The first placebo-controlled study was recently com- Another retrospective study of 50 patients by Hollander and pleted. It found that fluoxetine was more effective than colleagues33 similarly reported that 35 SRI trials resulted in placebo for BDD.39 Seventy-four patients with DSM-IV BDD Volume 7 – Number 6 • June 2002 MBL Communications Inc.
453-460,463_0602CNS_PHILLIPS 4/20/09 4:19 PM Page 455 Feature Article
criteria were enrolled and 67 were randomized to 12 weeks research on this medication’s efficacy is clearly warranted.
of treatment in this double-blind, parallel-group study.
MAOIs, too, may have a role in treating BDD. In the author’s Fluoxetine was significantly more effective than placebo for aforementioned retrospective series, MAOIs were effective BDD beginning at week 8 and continuing at weeks 10 and in 30% of 23 cases, in some cases after patients failed an 12 (<.001). The response rate was 53% (18 of 34) to flu- SRI.7 Several case reports have noted a good response to oxetine and 18% (6 of 33) to placebo (P=.003). As in the MAOIs, one with tranylcypromine and one with a combina- clomipramine/desipramine study, treatment efficacy was tion of phenelzine, trimipramine, and perphenazine.42 independent of the presence of major depression or OCD.
Tricyclic antidepressants other than clomipramine Efficacy of SRIs for Delusional BDD
appear generally ineffective for BDD. The Perhaps the most intriguing finding in the pharmacother- clomipramine/desipramine trial described above found that apy literature is that patients with delusional BDD appear to desipramine was significantly less effective than respond to SRIs.7,34,35,38-40 This finding is counterintuitive, clomipramine for BDD.38 Because the study did not include given that these patients are diagnosed not only with BDD a placebo control, it cannot be stated with certainty that but also with a psychotic disorder (delusional disorder of desipramine is ineffective for BDD (it is possible that the somatic type), a group of disorders usually treated placebo would have produced an even lower response rate).
with antipsychotics. In the previously noted placebo-con- However, other published data are consistent with a com- trolled fluoxetine study, a similar percentage of delusional parative lack of efficacy for tricyclics other than and nondelusional patients had response of BDD symp- clomipramine. A previously noted retrospective study of toms to fluoxetine (50% and 55%, respectively).39 In the 50 patients found that non-SRI tricyclic trials led to no desipramine/clomipramine crossover study, clomipramine overall improvement in BDD symptoms,33 and the author’s was more effective than desipramine regardless of whether previously noted retrospective series found that only 15% of patients had insight or held their dysmorphic misperception 48 trials with non-SRI tricyclics improved BDD symptoms.32 with delusional intensity.38 Of interest, clomipramine was There are no data available on the efficacy of mirtazapine even more effective for delusional patients than for nondelu- and bupropion for BDD, and only very limited data on nefa- sional patients. The results from these controlled studies are zodone.34 In the author’s experience, these medications are consistent with earlier findings from case reports,24,25,29 clini- generally ineffective as single agents for BDD.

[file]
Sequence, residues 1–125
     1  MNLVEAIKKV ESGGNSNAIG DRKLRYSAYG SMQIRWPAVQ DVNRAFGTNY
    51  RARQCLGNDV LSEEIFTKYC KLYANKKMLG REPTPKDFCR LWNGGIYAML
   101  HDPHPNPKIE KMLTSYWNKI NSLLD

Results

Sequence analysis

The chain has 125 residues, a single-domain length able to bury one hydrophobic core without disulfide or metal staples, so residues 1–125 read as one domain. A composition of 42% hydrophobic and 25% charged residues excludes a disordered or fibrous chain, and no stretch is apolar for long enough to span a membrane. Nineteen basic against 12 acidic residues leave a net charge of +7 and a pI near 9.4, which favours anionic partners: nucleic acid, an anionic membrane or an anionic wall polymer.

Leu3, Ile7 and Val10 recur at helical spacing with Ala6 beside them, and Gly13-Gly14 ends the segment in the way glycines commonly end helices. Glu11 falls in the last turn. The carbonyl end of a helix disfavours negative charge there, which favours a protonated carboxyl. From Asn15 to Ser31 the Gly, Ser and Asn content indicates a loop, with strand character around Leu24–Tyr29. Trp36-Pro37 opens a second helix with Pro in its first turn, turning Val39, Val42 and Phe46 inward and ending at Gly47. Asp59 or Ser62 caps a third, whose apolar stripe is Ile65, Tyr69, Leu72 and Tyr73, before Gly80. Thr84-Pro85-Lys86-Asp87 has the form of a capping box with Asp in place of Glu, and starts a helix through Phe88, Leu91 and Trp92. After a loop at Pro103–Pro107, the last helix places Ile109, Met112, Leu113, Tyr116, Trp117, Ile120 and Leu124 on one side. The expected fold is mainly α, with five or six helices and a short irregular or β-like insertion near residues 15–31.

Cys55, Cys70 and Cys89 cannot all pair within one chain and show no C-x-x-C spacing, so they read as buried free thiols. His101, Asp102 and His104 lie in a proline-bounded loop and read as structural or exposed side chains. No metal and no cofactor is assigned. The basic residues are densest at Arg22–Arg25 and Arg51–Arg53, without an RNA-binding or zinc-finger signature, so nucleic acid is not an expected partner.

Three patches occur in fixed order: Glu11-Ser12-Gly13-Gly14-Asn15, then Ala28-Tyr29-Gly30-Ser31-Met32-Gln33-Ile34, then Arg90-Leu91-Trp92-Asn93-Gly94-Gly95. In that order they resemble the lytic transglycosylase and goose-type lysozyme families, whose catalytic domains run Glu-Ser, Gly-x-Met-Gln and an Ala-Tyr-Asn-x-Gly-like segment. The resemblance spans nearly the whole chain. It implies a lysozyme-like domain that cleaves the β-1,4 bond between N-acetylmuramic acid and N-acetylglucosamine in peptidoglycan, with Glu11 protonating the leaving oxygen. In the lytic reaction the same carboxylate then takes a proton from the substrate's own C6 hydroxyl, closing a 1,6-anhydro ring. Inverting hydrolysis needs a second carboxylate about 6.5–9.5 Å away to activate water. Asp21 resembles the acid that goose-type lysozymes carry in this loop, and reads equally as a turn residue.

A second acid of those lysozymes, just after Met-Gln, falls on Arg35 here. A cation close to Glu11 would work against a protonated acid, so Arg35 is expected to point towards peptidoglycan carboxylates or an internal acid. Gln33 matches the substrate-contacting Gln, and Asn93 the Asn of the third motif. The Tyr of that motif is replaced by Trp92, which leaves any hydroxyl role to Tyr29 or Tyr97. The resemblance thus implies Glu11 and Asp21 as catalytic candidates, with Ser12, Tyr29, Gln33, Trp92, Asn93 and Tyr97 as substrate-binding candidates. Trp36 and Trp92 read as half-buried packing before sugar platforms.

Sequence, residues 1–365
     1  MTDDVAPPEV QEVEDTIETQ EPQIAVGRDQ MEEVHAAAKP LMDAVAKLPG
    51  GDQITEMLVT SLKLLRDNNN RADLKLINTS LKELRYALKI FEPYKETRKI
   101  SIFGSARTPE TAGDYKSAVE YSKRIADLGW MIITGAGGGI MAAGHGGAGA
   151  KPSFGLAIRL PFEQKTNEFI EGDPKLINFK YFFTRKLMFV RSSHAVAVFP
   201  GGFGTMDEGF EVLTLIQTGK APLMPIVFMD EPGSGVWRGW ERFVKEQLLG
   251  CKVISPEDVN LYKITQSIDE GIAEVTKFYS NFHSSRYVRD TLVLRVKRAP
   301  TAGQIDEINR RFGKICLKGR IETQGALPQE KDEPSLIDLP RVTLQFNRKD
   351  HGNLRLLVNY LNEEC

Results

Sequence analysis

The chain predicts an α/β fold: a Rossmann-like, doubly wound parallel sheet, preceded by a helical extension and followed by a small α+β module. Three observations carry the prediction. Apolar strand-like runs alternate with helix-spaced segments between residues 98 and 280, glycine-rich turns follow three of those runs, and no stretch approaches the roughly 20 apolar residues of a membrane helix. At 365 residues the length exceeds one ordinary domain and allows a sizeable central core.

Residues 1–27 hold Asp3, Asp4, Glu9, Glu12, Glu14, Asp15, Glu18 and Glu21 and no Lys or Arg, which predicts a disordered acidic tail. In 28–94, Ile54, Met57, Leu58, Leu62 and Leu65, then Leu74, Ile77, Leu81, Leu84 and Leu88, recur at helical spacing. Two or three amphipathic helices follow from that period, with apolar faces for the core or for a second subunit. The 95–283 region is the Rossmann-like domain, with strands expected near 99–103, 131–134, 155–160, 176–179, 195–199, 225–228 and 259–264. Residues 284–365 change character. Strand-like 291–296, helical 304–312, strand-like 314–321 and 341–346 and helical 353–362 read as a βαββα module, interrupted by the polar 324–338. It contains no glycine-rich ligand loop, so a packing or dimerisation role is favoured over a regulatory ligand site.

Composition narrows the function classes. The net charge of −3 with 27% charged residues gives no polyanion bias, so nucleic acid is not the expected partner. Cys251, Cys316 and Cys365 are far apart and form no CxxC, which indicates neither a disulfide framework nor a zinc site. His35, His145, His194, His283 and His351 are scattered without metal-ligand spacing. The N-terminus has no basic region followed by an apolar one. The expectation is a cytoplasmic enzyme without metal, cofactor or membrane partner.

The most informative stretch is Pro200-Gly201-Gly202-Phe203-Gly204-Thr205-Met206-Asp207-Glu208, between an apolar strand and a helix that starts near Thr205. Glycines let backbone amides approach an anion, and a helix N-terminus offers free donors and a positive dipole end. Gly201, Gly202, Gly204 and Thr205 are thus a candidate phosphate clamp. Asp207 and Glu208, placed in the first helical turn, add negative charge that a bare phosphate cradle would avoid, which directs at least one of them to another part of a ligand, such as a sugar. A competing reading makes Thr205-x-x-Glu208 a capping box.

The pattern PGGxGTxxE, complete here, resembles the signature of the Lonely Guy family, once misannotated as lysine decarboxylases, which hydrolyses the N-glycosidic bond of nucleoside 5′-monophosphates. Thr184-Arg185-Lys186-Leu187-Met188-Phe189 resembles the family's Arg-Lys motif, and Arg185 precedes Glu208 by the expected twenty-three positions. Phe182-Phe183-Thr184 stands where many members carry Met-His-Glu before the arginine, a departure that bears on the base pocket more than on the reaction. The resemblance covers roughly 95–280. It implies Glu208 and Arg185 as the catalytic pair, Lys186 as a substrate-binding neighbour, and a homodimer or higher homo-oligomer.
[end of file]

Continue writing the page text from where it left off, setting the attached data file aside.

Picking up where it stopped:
cal series,7,35 and open-label trials,40 which also indicatedthat delusional patients had a high rate of response to SRIs.
Antipsychotics as Single Agents
Several of these studies39,40 had the methodologic advantage Given that a high percentage of patients with BDD are of using a reliable and valid scale41 to classify subjects prior delusional, an important question is whether antipsychotics to treatment as delusional or nondelusional.
are effective as single agents for BDD, including its delu- Several studies also examined the different question of sional form. This question has received surprisingly little whether insight improves with treatment. In other words, do empirical investigation. In early case reports, antipsychotics treated patients develop more accurate beliefs about their were generally reported to be ineffective, with negative appearance, realizing that they do not look abnormal? In an results for loxitane, trifluoperazine, thioridazine, flu- open-label fluvoxamine study, insight significantly penthixol, pimozide, and unspecified agents.42 The author’s improved.40 In the blinded crossover study, clomipramine previously noted retrospectively assessed series, in which but not desipramine resulted in significant improvement in 52% of patients had been delusional, showed a response in insight.38 In the fluoxetine study, insight did not improve only 1 of 49 trials.7 A recent case report, however, noted more with fluoxetine than with placebo, although insight improvement in BDD symptoms with olanzapine.43 improved significantly more in treatment responders (to either Pimozide has had the reputation of being effective for fluoxetine or placebo) than in treatment nonresponders.39 monosymptomatic hypochondriacal psychosis, a broad cate- These intriguing findings indicate that SRIs are effective gory currently known as delusional disorder of the somatic for BDD symptoms in delusional patients. They also suggest type, which includes delusional BDD.3 However, data from that insight may improve with SRI treatment, although the only a small number of case reports are available for data are somewhat contradictory. These data further suggest patients clearly diagnosed with delusional BDD as opposed that certain types of psychosis (perhaps the delusional vari- to another type of somatic delusional disorder. These reports ants of putative OCD-spectrum disorders) may respond to suggest that pimozide may be effective for BDD, although the author has found pimozide alone to be ineffective in asmall number of cases (n=8).32 The efficacy of this medica- Other Antidepressants